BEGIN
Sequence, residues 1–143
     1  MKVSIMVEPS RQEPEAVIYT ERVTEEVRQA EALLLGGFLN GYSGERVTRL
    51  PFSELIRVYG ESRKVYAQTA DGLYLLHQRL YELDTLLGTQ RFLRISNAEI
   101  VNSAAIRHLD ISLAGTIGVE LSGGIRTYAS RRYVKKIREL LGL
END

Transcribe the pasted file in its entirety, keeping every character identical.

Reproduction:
Sequence, residues 1–143
     1  MKVSIMVEPS RQEPEAVIYT ERVTEEVRQA EALLLGGFLN GYSGERVTRL
    51  PFSELIRVYG ESRKVYAQTA DGLYLLHQRL YELDTLLGTQ RFLRISNAEI
   101  VNSAAIRHLD ISLAGTIGVE LSGGIRTYAS RRYVKKIREL LGL